As GPS technology steadily becomes better and better, so does our reliance on it. Need to go to the store? Google Maps. Need to go on a road trip to a distant city? Boot up the Garmin. You can even pinpoint why your Uber driver is taking so long to pick you up. At this point, if GPS suddenly vanished, we'd all be a bit confused and upset.

However, the stakes are significantly higher when your job requires you to fly a fighter jet or steer an aircraft carrier, which is why the US Naval Academy has decided to start once again teaching sailors how to navigate with the stars.

Though we all get a little frustrated when our GPS takes us a bad route or loses connection for a few minutes, the Navy is more concerned with deliberate cyberattacks that could render these vital systems useless instead of the actual equipment failing on its own, reports The Washington Post. After all, these systems rely on computer networks, and hackers are only getting better at infiltrating them.

If there's already a way to remotely turn off a Jeep while someone is driving it, it stands to reason for the Navy to have a contingency plan in place if something befalls their GPS. It just so happens that their backup plan is a time-honoured naval tradition dating back hundreds of years.

Motives aside, is celestial navigation accurate? When you consider that there's a huge margin for human error, especially given the fact that navigating the stars still requires the use of a sextant, watch, and map like some old-timey explorer, it seems a bit shaky, but it's totally legit.

According to the Aircraft Owners and Pilots Association (AOPA), the largest aviation association in existence, a well-trained celestial navigator can quickly crunch celestial data to get his plane or ship nearly anywhere they need to go with about a 2-minute accuracy of arrival.

In a world full of precision computers, 2 minutes is a long time. However, it's important to note that the Navy isn't doing away with GPS. They're just making sure pilots and sailors have a backup skillset to complete their missions or get home if something should happen to them.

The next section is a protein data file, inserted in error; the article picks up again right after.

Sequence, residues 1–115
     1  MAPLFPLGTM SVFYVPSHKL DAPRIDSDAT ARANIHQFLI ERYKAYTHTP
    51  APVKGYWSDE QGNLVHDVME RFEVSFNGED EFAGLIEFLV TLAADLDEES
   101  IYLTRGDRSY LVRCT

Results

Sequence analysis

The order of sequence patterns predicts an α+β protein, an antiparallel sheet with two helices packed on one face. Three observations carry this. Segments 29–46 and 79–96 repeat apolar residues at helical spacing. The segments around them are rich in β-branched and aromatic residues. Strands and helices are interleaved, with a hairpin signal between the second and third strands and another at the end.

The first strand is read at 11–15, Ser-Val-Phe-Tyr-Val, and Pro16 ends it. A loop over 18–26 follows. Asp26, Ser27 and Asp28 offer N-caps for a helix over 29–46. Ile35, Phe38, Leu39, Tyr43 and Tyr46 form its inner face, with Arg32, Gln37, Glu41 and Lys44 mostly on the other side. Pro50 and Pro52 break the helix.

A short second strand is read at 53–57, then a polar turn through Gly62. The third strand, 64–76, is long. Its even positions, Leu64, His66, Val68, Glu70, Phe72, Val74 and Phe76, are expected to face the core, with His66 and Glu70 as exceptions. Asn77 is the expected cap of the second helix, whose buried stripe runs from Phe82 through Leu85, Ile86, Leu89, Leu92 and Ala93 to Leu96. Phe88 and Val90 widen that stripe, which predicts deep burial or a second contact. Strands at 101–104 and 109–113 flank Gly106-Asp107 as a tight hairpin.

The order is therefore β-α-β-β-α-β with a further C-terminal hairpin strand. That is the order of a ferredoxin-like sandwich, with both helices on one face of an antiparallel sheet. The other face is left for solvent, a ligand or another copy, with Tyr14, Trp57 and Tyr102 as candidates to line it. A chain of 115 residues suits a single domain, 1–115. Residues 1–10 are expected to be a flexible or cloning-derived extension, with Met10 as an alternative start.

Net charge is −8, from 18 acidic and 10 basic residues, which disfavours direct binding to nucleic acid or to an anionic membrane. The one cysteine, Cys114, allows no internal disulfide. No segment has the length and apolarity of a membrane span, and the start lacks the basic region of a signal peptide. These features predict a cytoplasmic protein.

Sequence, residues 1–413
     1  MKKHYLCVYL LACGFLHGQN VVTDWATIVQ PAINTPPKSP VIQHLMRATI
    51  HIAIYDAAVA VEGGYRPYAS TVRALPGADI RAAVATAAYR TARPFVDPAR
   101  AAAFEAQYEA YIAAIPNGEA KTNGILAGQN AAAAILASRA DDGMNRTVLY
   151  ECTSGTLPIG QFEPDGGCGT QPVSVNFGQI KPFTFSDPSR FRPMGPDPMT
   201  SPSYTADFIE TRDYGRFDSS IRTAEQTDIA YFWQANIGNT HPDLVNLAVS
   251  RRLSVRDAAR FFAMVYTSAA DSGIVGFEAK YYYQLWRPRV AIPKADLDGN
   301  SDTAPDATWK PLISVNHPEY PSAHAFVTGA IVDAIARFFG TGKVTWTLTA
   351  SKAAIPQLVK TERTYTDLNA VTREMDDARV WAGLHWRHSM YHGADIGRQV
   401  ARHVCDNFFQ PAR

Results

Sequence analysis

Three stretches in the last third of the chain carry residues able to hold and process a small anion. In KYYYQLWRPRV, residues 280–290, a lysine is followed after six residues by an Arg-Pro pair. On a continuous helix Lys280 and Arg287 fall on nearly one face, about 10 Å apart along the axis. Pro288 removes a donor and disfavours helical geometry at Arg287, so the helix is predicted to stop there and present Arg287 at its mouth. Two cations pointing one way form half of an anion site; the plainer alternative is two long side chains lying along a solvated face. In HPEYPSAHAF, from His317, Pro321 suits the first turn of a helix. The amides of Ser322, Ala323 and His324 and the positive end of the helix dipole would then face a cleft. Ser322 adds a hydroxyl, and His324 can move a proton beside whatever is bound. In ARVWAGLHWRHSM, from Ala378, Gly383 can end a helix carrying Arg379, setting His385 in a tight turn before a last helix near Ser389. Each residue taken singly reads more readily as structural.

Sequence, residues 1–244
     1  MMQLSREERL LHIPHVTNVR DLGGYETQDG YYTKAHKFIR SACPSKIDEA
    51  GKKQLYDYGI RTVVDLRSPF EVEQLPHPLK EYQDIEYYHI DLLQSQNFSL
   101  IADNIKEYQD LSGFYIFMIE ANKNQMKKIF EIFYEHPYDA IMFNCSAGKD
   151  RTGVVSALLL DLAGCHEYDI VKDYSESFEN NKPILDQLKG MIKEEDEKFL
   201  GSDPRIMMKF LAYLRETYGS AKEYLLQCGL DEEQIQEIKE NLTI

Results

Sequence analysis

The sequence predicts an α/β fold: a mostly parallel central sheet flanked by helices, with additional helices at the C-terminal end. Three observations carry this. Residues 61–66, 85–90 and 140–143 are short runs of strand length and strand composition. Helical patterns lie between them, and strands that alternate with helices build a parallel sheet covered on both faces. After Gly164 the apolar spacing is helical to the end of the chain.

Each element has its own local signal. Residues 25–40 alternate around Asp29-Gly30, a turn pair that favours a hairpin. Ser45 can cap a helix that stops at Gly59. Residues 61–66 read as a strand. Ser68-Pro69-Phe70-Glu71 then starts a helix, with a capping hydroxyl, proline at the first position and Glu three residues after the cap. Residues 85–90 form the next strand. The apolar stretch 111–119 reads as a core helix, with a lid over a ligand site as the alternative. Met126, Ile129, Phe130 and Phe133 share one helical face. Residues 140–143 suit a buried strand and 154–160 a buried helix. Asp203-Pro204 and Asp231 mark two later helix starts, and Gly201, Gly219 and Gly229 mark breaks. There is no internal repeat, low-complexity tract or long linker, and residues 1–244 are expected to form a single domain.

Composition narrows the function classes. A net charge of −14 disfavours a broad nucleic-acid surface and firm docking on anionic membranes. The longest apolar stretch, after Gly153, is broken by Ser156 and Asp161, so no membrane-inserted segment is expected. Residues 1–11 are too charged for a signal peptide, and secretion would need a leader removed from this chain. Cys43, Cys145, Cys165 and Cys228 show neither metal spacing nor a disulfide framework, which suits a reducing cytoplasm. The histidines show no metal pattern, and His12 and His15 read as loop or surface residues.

We all sort of forget that celestial navigation isn't actually some antiquated skill that hasn't been used for hundreds of years. GPS was only invented back in the late-1950s when researchers started tracking Sputnik using radio signals to monitor how they changed based on the satellite's location. You probably know this as the Doppler Effect, which explains how frequencies change based on where the source is from its observer. Up until that point, all navigation was done without the guidance of satellites.

According to NASA, GPS as we know it today really got its start in the 1960s and '70s, when the US military launched a series of satellites to track the position of nuclear submarines. This system eventually grew to 24 satellites in 1993 and has only gotten better since then. 

In 1996, the Navy decided to stop teaching celestial navigation at the Naval Academy. This decision was most likely due to the rise of GPS. Now, 20 years later, the Navy is realising that the old way of doing things had one thing going for it: security. It may not have the pinpoint accuracy or ease of use, but at least a hacker in some far off location couldn't change the sky on a pilot. 

Like any skill, celestial navigation is something that comes with loads of practice. Sailors at the Naval Academy will need to practice these skills on a regular basis if they intend on knowing how to use them in an emergency situation. In a way, celestial navigation is like performing math with pen and paper. Sure, we have calculators to do all that for us nowadays, but that doesn't mean that kicking it old-school is wrong. It just requires a bit a patience and know-how.